What Do Braxton Hicks Feel Like?
Everyone will describe Braxton Hicks differently than someone else, but Braxton Hicks start off as a mild tightening in the front of your uterus. Compared to menstrual cramps, these contractions are higher up in the stomach. You might even notice a contorted belly shape throughout them.
Most of these uterine contractions are irregular and lasts around 30 seconds at a time. You typically only experience 1 to 2 per hour, but the frequency may increase depending on your activity level.
- You notice a tightening or hardening of the uterus.
- You have a light, dull cramp high in your abdomen.
- You experience quick contractions that last only 30 seconds at a time.
- You realize the pain decreases in intensity with rest, fluids or time.
The Difference Between Braxton Hicks and Real Labor Contractions
In general, you’ll notice that Braxton Hicks contractions start to slow down and disappear when you change positions, move, or drink some water. True labor contractions don’t go away. They get stronger with time, intensifying, and they’ll become longer and closer together.
|Braxton Hicks||Real Contractions|
How to Relieve Braxton Hicks Contractions
There are a few things that you can do to help relieve and stop these contractions.
Sometimes, all you need is a bit of gentle movement to put a stop to these contractions. If walking around your house doesn’t stop them, it might be a sign that these are the real-deal labor contractions!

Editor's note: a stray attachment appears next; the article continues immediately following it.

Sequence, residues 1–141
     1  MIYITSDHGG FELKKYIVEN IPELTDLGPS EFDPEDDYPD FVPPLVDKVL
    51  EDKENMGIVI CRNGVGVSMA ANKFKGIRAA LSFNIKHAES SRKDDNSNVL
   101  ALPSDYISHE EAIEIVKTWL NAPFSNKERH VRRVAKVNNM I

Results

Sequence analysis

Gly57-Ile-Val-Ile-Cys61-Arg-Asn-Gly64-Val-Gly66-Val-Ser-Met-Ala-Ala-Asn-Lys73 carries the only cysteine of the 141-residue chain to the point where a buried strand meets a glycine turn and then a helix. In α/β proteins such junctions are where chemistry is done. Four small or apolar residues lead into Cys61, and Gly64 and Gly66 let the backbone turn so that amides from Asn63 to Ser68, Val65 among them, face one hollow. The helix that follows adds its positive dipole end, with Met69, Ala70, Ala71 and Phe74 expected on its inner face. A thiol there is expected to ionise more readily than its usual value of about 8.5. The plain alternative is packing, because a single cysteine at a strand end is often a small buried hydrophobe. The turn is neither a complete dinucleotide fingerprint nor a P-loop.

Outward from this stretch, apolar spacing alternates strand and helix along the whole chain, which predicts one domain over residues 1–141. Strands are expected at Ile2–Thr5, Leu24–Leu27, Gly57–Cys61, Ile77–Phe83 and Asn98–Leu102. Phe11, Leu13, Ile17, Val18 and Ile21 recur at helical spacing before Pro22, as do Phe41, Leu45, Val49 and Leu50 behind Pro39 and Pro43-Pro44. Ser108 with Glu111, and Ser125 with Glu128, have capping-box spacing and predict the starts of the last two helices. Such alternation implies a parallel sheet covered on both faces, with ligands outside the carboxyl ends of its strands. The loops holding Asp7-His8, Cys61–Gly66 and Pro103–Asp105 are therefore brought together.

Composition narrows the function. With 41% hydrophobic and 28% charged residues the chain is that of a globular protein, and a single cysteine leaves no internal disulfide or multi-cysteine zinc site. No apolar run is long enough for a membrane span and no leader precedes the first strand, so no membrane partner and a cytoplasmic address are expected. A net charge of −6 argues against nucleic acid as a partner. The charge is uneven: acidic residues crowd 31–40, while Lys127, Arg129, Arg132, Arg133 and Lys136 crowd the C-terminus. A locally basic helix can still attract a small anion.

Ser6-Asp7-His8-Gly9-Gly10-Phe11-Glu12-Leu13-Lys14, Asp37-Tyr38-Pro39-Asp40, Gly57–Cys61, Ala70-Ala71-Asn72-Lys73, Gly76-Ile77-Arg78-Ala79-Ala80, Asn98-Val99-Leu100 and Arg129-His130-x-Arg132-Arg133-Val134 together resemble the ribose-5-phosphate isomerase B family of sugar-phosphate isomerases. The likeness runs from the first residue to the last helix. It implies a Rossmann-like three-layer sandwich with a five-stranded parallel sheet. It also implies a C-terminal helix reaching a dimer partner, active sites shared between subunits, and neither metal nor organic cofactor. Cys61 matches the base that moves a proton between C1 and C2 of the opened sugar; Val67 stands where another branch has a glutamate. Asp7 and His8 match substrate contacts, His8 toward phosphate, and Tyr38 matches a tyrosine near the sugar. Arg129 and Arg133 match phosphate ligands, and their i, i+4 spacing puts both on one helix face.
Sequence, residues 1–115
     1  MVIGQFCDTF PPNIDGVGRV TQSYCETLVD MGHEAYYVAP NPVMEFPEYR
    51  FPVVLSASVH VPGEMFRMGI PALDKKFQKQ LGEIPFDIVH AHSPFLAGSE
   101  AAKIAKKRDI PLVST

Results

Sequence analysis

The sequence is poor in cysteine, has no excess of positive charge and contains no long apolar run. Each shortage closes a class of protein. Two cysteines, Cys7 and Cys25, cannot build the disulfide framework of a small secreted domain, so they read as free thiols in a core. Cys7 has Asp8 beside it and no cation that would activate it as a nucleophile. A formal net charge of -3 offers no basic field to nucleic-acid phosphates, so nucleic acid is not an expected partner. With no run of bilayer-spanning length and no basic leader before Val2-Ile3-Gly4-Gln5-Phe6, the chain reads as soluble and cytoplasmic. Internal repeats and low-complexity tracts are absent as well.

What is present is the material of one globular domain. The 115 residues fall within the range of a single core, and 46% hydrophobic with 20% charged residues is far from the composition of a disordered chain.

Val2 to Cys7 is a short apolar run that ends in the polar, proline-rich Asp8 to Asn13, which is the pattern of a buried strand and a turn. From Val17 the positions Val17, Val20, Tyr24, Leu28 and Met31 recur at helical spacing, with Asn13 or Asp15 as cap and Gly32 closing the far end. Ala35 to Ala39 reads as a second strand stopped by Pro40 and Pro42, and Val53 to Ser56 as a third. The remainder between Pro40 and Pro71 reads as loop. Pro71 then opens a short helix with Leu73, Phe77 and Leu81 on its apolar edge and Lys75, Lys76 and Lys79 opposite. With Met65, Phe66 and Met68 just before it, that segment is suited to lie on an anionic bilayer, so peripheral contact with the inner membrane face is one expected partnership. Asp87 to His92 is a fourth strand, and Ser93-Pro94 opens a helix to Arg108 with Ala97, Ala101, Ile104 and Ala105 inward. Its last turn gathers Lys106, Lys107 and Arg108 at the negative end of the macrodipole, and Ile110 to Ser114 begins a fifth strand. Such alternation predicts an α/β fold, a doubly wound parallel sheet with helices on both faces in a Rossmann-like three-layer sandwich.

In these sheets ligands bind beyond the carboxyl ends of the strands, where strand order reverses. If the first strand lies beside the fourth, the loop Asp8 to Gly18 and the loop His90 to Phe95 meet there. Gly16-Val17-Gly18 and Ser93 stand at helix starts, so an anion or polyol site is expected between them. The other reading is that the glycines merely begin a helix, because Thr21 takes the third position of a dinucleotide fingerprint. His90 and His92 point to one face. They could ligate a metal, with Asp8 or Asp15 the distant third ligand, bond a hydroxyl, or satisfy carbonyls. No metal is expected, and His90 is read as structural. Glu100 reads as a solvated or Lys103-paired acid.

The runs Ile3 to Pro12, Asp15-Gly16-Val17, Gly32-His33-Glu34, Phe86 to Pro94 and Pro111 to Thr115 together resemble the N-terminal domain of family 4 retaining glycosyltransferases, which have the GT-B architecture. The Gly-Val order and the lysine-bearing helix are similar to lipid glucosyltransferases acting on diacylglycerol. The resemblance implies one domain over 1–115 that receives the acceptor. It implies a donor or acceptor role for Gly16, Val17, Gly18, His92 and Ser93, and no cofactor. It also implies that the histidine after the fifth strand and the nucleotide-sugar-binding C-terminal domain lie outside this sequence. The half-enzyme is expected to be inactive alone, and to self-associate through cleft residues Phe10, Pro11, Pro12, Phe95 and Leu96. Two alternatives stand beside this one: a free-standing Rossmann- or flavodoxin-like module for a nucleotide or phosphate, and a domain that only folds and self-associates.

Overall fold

One of the things that increase Braxton Hicks is dehydration. So, getting enough fluids in your body can help to ease the symptoms. Pregnant mothers should try to drink at least 96 ounces of water. This is especially important if it’s on really hot days.
If you’ve been doing too much, strenuous activity can cause these contractions. Exercise is a good thing, so don’t feel as if you need to stop altogether. However, if you notice that they happen frequently while exercising, then you need to pick a less intense exercise. So, take it easy and lay down for a bit!
Relaxing almost always calms down the Braxton Hicks contractions. Take a nice, warm bath or listen to relaxing music. Drink a cup of hot tea. Stress isn’t a good thing for you or the baby, so take the time to wind down to relieve the discomfort of these contractions.
You might be surprised to find that you’re magnesium deficient. Many people are! Pregnancy increases your body’s need for magnesium, and a deficiency can lead to muscle spasms. If you want to work on decreasing these Braxton Hicks, magnesium oil or magnesium supplements are two good choices.
When to Call the Doctor
If you notice that the contractions are starting to intensify and getting more frequent. If you notice more than four in an hour, this could be true labor rather than just Braxton Hicks contractions. That’s when it’s time to call your midwife or OBGYN, especially if you aren’t 39 weeks pregnant.
Lucky for you, Braxton Hicks contractions are normal, so you shouldn’t be alarmed when you experience them. If they start to bother you, try walking around and drinking a glass of water, or lay down on your bed or couch for a while. They’ll go away, and if they don’t, it might be baby time!